The Asbury Revival
by Cadet Grant Hall
What is revival, and how does it occur? In the twentieth
century there have been a few revivals that have occurred in
society. One of note is the Asbury College Revival in
Kentucky. This short paper will focus on this revival, and
compare some common characteristics with some other revivals
that occurred in the twentieth century.
So what happened in 1970 at this small college campus Asbury?
What made this such a tremendously important part of our
church history? Preparation. According to Dr. Dennis Kinlaw,
it began with one of the young female students wanting a
deeper blessing of God on this campus (Parisis). In October
1969, she started a group of six similar minded students which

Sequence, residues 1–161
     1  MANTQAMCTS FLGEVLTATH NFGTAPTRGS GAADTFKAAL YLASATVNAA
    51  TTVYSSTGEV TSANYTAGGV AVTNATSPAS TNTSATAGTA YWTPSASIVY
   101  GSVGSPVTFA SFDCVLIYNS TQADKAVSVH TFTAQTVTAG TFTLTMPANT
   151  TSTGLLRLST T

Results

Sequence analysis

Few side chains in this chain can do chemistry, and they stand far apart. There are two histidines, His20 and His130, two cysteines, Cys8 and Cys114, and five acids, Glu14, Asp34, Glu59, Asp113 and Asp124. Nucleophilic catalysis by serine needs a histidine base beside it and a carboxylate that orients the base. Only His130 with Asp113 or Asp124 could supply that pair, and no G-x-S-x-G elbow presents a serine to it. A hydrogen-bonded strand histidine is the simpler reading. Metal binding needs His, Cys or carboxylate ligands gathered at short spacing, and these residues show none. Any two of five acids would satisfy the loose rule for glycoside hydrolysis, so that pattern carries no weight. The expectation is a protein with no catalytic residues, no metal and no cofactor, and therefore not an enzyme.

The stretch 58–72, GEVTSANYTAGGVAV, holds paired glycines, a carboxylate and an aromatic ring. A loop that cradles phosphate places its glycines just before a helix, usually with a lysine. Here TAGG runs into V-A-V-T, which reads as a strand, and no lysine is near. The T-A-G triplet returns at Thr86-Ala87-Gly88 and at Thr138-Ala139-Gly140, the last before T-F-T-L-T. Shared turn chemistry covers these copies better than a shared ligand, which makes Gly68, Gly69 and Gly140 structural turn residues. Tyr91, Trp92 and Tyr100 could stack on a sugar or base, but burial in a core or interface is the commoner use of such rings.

they called a ‘Great Experiment’. This is similar to the
Wesley brothers ‘Holy club’, stressing study, and rules of
life that included prayer (Shelley). The ‘Holy Club’ was setup
by Charles and John Wesley to be a group that were motivated
by prayer and accountability, in contrast to the impact of
Deism in the school, and society (Sheppard). The ‘Great
Experiment’ is also similar to John Avant’s accountability
group, preceding the Howard Payne College’s revival in 1995
The ‘Great Experiment’ was a small group accountability
covenant. For 30 days, they focused on: Thirty minutes of
daily prayer, Reading God’s word, writing down truth from His
word, Obeying that truth daily, Sharing their faith with
others, Meeting once a week, and Checking up with each other.
From October the ‘Great Experiment’ grew to six groups of six
in January 1970. On Saturday January 31st, the